Note: originially published May 16, this has been updated on June 13:
The NC 200 for the Trucks at Charlotte began as a thoroughly forgettable rout by Erik Jones, the latest young phenom out of Joe Gibbs Racing's orbit. Driving one of teammate Kyle Busch's Toyotas, Jones qualified second but started last (he missed the drivers meeting) with polesitter Kasey Kahne (sent back there for unapproved changes), in a Dale Junior Chevrolet. It took Jones all of 26 laps to make a mockery of the Truck Series' competitive depth and he led 79 laps, but a yellow in the final 30 laps set up the finest battle NASCAR has seen on a non-plate track in years, as Kahne sidedrafted to Jones and the two fought nose to nose for lap after lap, interrupted by two more yellows. The green-white-checker finish was the wildest finish in years as Jones and Kahne sidedrafted and both crossed up noticeably before Kahne got him by inches.
The best race in years comes amid the never-ending rules dilemma NASCAR faces as it prepares for 2016's rule package, a source of friction among drivers and seemingly everyone else as Carl Edwards, Clint Bowyer, and Tony Stewart have been vocally critical of NASCAR's 2015 package of reduced horsepower and reduced downforce, a package whose weaknesses were on display yet again in the subsequent All Star Race at Charlotte where there was almost nothing in the way of passing and Denny Hamlin stopped a rally by Kevin Harvick by making Harvick's Chevy run in his Toyota's dirty air, which in effect pushed back Harvick's car.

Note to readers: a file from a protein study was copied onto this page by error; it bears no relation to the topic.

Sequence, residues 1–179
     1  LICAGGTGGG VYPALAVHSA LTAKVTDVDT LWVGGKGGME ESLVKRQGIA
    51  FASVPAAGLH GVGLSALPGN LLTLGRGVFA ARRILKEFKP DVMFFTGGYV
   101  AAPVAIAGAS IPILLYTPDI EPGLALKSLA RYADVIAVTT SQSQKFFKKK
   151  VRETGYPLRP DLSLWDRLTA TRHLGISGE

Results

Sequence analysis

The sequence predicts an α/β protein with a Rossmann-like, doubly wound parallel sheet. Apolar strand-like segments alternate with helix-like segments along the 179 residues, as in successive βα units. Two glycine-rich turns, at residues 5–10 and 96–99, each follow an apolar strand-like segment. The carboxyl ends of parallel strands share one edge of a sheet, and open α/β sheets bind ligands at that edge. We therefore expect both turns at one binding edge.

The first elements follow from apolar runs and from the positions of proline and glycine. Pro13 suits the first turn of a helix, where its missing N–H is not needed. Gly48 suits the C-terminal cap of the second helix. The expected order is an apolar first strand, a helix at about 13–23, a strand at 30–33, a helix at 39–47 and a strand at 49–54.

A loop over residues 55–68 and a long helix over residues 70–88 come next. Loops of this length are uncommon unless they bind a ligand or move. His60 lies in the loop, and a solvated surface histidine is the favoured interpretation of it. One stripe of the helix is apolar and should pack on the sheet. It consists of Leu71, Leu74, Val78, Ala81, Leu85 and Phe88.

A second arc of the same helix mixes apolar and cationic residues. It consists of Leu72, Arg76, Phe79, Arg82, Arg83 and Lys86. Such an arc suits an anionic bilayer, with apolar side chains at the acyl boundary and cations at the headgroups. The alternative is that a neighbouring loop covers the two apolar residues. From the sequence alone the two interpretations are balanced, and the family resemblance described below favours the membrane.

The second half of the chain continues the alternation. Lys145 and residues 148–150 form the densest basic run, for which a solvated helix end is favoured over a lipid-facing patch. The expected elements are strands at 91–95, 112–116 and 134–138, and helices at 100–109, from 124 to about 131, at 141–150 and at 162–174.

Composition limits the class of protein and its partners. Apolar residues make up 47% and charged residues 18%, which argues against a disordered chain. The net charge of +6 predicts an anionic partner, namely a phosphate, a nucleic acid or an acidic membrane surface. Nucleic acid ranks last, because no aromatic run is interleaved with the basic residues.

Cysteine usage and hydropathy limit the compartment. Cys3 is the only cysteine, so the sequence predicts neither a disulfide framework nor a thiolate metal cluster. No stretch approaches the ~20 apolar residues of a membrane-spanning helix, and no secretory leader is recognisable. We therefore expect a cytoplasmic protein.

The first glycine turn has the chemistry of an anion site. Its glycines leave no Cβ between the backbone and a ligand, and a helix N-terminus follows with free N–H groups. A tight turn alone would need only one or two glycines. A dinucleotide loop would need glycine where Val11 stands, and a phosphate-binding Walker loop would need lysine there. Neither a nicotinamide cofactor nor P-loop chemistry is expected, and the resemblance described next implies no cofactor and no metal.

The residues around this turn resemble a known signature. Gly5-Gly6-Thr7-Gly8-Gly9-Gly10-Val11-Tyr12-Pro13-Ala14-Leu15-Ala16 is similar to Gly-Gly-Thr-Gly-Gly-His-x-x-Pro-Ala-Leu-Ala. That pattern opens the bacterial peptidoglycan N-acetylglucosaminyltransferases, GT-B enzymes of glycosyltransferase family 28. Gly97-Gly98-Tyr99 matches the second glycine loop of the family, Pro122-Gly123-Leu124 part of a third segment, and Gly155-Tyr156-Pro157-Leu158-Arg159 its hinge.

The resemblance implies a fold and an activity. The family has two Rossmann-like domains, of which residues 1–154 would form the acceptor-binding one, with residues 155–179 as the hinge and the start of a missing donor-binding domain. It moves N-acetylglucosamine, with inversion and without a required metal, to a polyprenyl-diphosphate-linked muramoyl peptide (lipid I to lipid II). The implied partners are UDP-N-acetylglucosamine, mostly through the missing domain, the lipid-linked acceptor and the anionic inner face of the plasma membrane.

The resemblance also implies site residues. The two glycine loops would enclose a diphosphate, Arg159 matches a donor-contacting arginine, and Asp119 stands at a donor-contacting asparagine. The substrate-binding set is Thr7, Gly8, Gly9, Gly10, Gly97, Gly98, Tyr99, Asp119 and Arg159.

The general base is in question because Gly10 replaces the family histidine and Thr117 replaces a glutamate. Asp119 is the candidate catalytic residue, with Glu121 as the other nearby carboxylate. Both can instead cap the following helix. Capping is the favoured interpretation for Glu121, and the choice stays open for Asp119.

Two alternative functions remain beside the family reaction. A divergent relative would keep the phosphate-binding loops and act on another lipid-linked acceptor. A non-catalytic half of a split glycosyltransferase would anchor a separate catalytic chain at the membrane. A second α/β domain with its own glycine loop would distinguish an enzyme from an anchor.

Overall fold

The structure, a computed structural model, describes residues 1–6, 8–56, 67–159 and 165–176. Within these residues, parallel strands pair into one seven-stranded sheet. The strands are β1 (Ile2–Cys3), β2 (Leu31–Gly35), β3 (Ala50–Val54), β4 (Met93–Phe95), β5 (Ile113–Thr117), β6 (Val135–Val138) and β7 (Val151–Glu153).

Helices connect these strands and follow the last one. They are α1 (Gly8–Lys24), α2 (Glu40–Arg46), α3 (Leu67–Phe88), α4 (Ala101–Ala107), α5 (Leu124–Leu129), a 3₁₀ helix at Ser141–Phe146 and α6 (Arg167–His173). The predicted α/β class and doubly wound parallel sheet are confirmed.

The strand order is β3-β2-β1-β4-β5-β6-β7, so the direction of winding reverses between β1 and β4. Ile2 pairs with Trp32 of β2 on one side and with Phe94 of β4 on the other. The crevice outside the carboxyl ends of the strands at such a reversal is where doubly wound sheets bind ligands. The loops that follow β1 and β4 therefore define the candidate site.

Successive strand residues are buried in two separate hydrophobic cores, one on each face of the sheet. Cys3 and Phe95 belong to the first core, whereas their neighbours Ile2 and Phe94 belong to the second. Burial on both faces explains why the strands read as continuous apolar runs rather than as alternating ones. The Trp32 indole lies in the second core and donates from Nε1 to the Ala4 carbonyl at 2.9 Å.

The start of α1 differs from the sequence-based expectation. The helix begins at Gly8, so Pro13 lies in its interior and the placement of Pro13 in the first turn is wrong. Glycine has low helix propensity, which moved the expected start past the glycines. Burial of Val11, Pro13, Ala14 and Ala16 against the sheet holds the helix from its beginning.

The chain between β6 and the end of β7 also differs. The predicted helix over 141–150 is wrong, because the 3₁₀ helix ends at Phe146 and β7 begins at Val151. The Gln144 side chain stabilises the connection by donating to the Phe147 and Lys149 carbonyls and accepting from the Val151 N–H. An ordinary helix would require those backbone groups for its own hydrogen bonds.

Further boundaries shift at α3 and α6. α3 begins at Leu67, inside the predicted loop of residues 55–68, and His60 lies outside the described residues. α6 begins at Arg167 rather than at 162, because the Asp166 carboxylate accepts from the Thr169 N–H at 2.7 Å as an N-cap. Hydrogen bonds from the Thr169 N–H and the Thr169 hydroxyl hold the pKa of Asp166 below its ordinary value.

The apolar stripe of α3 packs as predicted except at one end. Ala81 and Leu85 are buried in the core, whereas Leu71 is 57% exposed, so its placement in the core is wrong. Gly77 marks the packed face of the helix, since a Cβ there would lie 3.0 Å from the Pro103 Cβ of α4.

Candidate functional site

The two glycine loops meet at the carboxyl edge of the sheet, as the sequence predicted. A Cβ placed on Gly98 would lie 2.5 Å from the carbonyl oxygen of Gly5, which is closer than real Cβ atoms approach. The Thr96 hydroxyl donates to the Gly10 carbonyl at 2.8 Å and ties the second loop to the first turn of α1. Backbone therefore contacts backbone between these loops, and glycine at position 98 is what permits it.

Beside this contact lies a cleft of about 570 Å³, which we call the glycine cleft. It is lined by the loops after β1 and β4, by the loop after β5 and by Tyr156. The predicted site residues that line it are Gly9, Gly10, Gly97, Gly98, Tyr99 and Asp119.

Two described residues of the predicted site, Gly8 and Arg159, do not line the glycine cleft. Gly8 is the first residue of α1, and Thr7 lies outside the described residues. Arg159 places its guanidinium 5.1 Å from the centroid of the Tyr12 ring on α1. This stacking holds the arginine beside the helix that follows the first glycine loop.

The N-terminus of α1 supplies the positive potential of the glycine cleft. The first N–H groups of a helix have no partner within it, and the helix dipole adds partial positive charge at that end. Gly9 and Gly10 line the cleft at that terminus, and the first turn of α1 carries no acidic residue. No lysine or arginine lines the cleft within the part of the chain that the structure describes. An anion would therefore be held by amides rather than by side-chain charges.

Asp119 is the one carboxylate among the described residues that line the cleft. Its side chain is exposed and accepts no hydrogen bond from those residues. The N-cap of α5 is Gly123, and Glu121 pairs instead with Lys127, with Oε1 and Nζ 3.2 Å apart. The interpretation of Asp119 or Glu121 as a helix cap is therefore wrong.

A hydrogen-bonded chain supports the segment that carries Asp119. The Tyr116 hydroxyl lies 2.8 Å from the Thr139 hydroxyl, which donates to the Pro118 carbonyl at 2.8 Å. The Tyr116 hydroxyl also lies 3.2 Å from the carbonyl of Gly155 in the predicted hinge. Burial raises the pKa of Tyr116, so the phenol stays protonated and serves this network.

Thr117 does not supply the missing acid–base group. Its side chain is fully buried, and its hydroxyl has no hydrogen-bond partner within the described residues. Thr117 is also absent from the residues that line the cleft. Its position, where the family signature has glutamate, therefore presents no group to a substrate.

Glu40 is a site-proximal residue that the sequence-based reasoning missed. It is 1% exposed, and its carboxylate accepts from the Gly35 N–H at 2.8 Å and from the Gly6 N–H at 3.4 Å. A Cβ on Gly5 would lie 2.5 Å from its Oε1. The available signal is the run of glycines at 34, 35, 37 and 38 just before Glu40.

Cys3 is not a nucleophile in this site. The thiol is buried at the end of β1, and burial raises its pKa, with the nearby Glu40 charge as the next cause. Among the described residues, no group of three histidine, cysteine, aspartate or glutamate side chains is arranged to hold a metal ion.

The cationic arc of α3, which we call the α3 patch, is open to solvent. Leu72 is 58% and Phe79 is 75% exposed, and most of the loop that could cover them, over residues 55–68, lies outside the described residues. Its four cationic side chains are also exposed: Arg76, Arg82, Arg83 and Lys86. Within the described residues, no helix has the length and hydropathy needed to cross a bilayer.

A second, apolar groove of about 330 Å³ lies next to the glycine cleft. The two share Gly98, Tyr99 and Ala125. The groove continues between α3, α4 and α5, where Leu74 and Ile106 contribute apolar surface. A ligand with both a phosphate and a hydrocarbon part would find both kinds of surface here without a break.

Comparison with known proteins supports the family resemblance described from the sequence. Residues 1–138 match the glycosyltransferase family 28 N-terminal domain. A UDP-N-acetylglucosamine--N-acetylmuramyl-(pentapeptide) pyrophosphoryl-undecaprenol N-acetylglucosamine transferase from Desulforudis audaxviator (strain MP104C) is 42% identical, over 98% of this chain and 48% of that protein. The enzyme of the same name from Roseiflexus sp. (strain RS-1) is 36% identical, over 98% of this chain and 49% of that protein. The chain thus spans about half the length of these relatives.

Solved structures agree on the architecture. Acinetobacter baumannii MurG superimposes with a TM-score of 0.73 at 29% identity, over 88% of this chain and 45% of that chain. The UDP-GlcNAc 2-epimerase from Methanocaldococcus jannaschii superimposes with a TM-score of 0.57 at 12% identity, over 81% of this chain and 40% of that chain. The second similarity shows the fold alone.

The Trucks make the discussion more interesting because they also have less horsepower, more drag, and pretty much the same downforce, and the last few seasons they have seen some spirited battles for first on intermediate tracks, notably Kansas in 2013 and 2014 as well as recent years at Homestead and Atlanta. "If you're wide open and not lifting, I don't know how you're going to get around that car in front of you," said Bowyer a few weeks ago, while NASCAR's Steve O'Donnell vowed not to "make change for the sake of change."
The whole idea that "Our sport is based on guys manhandling the cars" (Edwards) and "we've gone father and father away from that because of all the knowledge, engineering, and dependence on aero" would sound true except that people seem to continue ignoring that dependence on aero has never been a new concept - running wide open on intermediate tracks wasn't uncommon in the Petty-Pearson-Cale-Allison-Isaac era; there was controversy in 1976 when NASCAR went to smaller carbs six races into that season and drivers reported going flat out at Atlanta in the first race with them; as late as 1995-6 Charlotte famously saw racing in the All Star Race and the 600 where drivers were so surprised at how effective the draft had become again that it became a lengthy talking point on the telecasts (see see 10:05 of this clip as an example).
The Truck 200 at Charlotte again illustrates how all the talk can obscure that solutions are simpler than one might think.
UPDATE: NASCAR will fast-track a further reduction in downforce later in 2015.